Cultivating a Culture that Counts: How to Consistently Drive Revenue and Retention, Part 3

This is the third in a series of Aspire blog posts with tips on how to build a culture that sustains employee and customer buy-in. If you missed them, check out Part 1 and Part 2 on the Aspire blog.



We often hear that you must hire for attitude, train for skill. While attitude is important, you must also look at people’s beliefs and perspectives. A person’s perspective on a situation will drive how they respond to it. Behavior (and attitude) is a result, not a cause. Beliefs drive behaviors. What a person stands for and how well this supports your culture is a key predictor of how positive their impact will be. This means you must hire for culture, train for skill.

To do so, it is critical to identify the core values that will shape, support and sustain your vision and mission. Who you hang with is who you become, so part of leadership is recognizing who aligns with your culture and will contribute to your "internal community," and who does not or won't. When you open your eyes and focus on where you have human alignment and where your have a cultural gap, the tough decisions become easy calls.


What Do You Stand For?

Values dictate the way things get done in an organization. They answer the question, "How do we act around here?" An organization’s values reflect what its culture finds of utmost importance. They tell everyone in the organization how to behave and what to respect.They are the principles that guide your team’s actions.The more alignment your people feel with your core values and codes of behavior, the less stress they experience and the easier decisions become, especially the difficult ones.


Here are some tips to ensure the people you hire align with your culture:

  1. Start with the person. 15 minutes talking—and listening—to the person in front of you (rather than speaking to the skillset they bring with them) will give you a sense of whether you want to spend another 5 minutes hanging with them. Knowing that someone can do the job is only one piece of the puzzle. You have to know and feel they will enhance your community and contribute joy to the journey.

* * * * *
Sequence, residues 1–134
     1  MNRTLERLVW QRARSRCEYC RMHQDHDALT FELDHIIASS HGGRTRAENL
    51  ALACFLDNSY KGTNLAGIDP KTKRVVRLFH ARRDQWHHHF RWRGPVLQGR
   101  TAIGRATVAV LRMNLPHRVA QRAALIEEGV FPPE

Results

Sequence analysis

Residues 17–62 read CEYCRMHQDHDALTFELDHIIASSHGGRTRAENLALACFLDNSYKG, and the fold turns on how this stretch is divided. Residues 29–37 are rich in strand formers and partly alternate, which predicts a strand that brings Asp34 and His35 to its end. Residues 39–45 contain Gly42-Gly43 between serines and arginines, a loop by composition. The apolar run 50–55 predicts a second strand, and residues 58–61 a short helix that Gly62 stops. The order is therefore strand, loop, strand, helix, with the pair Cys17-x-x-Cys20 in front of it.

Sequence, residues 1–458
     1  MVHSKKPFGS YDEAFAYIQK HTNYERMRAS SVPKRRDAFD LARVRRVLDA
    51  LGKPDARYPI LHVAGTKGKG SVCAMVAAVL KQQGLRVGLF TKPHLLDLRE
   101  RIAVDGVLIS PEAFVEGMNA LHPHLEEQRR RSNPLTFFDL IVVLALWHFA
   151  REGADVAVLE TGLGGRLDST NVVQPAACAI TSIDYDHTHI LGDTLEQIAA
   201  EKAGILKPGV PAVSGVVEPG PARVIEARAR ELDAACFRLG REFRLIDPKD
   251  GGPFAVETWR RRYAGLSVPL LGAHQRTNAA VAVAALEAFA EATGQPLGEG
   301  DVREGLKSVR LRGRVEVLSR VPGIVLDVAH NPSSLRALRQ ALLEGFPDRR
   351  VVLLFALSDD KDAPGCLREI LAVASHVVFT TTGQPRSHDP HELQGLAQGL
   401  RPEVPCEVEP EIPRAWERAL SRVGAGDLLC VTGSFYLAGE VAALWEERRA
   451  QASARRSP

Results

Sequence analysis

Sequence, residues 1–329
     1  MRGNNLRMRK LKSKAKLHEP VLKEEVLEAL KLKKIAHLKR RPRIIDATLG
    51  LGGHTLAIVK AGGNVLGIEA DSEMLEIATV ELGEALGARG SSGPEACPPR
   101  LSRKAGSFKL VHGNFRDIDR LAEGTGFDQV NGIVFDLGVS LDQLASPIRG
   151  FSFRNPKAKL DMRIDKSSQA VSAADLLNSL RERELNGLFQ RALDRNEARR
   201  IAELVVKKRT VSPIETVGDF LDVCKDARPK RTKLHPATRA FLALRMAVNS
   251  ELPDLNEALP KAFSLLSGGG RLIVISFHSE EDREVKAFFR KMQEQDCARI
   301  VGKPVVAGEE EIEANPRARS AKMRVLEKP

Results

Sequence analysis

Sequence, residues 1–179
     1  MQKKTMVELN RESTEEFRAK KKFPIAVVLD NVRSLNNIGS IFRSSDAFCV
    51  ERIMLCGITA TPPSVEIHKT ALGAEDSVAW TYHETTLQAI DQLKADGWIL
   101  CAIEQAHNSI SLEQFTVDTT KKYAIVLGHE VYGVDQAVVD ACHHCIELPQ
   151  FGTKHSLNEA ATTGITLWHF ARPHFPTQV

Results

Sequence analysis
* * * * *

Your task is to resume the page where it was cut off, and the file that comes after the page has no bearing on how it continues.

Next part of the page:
1. Focus on beliefs and behaviors. Your vision, mission and values are the three cornerstones of clearly defined culture; therefore, your initial questions should look for congruence between a candidate and these areas. If you work with intensity, you need people who have natural intensity. If you need caring people, hire people who care. Characteristics are not trainable.
  1. Let them do the talking. If you tell people about your culture up front, they will speak to it. Instead, listen to what candidates have to say. Ask about their experiences, what they learned, and what they want moving forward. You’ll be amazed at what people will tell you when you let them speak.
  1. Value company culture over individual results. A salesperson may have a highly successful process, and yet if their methods do not reflect your culture’s values, you will likely have challenges and lose productivity from others. When pieces of your organization move autonomously, it has an adverse impact on the team as a whole.
  1. When people show you who they are, believe them. If someone is consistently late, slow to respond, rude or always on the defensive, take notice. A person’s actions and behavior toward other people paint a predictive picture. Don’t ignore it as the picture generally doesn’t improve with time.
  1. Involve others in the process. Different people see and hear different things based on their perspective and role within the organization. Include at least two other people in your interview process to get a fuller picture of whom you are considering. A team interview technique helps leaders get a feel for how a candidate would work within your current organization. Trust your people. It doesn’t matter if someone has the ideal skill set if they aren’t a "values match."
  1. Remember: it’s harder (and costlier) to fire than hire. Employee turnover costs you more than having an open position. It’s better to hire carefully than quickly. It will save you money in the long run, especially if you end up having to do it all over again in three months because of a bad fit. Never rush.


For maximum success, leaders must align their people with the company’s vision through a culture that supports it. Leadership starts with building community. Without the right players, you won’t get the performance you want. When hiring, it is essential to identify the kind of people who will be congruent with the values and behaviors by which you want your organization to operate. Don’t settle for less, or you’ll see less in return.

employee retention, mission, Cultural Alignment, customer retention, revenue generation, values, vision, Workplace Culture & Inspiration

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